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  1. Unregistered
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    #1

    Letter writing

    What, if any, rules apply to references to "your" in formal letter writing. For example if one wrote "I need to consult with yourself on this matter" would it be more correct to write " I need to consult with your good self on this matter"

  2. rewboss's Avatar

    • Join Date: Feb 2006
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    #2

    Re: Letter writing

    "Yourself" is usually a reflexive pronoun; it is an object, but it refers to the same thing as the subject. In a sentence like "You washed yourself", it is clear that "you" and "yourself" refer to the same person. Compare these two sentences:

    He talked to him. [He spoke to another male person -- perfectly normal.]
    He talked to himself. [He spoke, but not to anyone else -- perhaps he was going mad.]

    Reflexive pronouns can also be used to emphasise the subject: "I made it myself" emphasises the point that I had no help from anyone else.

    But in your sentence, "yourself" doesn't refer to the subject. Many people use reflexive pronouns as a sort of general-purpose emphasis, or because they think that reflexive pronouns are more formal than non-reflexive pronouns. This is non-standard English, and you should avoid this usage in formal letter-writing.

    "Your good self" is grammatically correct, because it is not actually a reflexive pronoun. However, it may be seen as an attempt to flatter the recipient, and that's not acceptable in many cultures -- it comes across as insincere.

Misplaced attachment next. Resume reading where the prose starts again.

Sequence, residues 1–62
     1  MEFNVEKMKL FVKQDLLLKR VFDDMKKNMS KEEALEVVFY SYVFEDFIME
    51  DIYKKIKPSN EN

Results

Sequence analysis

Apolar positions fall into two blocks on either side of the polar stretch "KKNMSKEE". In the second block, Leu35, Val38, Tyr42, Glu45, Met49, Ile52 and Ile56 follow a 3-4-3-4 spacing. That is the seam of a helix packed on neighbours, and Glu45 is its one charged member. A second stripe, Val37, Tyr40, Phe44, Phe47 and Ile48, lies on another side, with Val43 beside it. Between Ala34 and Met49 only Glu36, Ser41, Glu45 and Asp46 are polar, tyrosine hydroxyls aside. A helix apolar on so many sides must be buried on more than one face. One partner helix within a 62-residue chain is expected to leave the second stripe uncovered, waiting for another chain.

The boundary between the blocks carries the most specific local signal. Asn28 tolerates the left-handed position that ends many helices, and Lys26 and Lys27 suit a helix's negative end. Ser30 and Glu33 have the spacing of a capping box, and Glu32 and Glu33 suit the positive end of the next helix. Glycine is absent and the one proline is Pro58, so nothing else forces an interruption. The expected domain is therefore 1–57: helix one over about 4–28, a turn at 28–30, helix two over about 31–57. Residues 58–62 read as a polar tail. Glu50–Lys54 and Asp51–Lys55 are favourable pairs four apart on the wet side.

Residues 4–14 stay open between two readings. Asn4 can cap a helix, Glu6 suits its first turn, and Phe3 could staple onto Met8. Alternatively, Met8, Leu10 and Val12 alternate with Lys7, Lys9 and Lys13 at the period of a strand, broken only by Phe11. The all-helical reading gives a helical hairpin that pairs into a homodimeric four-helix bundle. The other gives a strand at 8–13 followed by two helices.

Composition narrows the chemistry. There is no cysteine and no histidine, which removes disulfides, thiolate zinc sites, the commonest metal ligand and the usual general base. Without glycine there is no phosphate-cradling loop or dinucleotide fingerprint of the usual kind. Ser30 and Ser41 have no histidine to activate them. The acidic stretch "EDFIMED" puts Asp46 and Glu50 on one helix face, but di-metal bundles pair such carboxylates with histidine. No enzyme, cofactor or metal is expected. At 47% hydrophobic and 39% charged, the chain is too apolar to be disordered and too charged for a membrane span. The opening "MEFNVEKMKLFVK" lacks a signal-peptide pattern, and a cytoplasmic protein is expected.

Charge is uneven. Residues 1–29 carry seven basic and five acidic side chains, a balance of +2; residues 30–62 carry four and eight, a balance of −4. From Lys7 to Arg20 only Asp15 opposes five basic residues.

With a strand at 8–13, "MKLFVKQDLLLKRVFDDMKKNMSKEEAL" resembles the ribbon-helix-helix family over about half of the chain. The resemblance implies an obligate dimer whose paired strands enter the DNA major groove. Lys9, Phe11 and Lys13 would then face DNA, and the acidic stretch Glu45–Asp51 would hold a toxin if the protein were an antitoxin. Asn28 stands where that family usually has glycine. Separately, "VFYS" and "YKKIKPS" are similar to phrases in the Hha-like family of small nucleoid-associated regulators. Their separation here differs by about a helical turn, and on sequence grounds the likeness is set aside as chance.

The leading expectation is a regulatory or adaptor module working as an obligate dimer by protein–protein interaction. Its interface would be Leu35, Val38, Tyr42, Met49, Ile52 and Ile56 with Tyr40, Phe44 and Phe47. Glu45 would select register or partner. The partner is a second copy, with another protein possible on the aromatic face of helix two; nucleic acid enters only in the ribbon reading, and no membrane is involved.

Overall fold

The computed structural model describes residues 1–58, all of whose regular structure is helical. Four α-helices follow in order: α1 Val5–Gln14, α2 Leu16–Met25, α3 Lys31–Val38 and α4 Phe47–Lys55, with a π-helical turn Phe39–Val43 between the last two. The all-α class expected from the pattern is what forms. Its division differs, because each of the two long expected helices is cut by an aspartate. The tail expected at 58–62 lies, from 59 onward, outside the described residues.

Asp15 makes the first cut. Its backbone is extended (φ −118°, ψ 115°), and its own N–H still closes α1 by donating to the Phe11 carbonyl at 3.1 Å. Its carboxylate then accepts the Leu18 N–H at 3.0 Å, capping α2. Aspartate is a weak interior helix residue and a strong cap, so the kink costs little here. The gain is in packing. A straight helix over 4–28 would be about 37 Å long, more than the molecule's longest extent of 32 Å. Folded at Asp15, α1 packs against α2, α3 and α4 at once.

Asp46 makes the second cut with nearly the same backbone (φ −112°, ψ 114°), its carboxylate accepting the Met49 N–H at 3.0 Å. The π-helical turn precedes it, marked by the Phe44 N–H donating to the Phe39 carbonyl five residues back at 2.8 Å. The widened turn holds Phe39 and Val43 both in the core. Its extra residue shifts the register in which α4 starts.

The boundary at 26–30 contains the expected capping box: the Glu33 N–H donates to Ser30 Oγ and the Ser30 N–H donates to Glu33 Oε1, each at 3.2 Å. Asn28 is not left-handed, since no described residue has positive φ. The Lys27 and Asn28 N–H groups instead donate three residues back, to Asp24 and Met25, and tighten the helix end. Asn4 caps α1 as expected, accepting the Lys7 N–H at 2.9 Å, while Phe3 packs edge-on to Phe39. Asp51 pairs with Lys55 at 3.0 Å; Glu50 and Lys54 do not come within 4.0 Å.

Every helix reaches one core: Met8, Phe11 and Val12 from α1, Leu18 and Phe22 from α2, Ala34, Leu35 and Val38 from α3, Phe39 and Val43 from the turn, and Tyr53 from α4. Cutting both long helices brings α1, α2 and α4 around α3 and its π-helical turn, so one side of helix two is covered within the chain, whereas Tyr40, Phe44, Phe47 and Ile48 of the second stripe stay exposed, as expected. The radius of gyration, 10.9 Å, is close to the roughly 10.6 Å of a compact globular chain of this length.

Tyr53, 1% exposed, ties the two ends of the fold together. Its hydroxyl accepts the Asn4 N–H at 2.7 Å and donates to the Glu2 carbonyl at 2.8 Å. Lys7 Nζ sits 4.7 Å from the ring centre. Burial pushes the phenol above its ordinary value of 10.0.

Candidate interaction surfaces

A simple, straightforward "you" is the best choice here. Formal letters should be polite, but brief and neutral in tone.

  3. MikeNewYork's Avatar
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    • Join Date: Nov 2002
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    #3

    Re: Letter writing

    Quote Originally Posted by rewboss View Post
    "Yourself" is usually a reflexive pronoun; it is an object, but it refers to the same thing as the subject. In a sentence like "You washed yourself", it is clear that "you" and "yourself" refer to the same person. Compare these two sentences:

    He talked to him. [He spoke to another male person -- perfectly normal.]
    He talked to himself. [He spoke, but not to anyone else -- perhaps he was going mad.]

    Reflexive pronouns can also be used to emphasise the subject: "I made it myself" emphasises the point that I had no help from anyone else.

    But in your sentence, "yourself" doesn't refer to the subject. Many people use reflexive pronouns as a sort of general-purpose emphasis, or because they think that reflexive pronouns are more formal than non-reflexive pronouns. This is non-standard English, and you should avoid this usage in formal letter-writing.

    "Your good self" is grammatically correct, because it is not actually a reflexive pronoun. However, it may be seen as an attempt to flatter the recipient, and that's not acceptable in many cultures -- it comes across as insincere.

    A simple, straightforward "you" is the best choice here. Formal letters should be polite, but brief and neutral in tone.
    Excellent answer!

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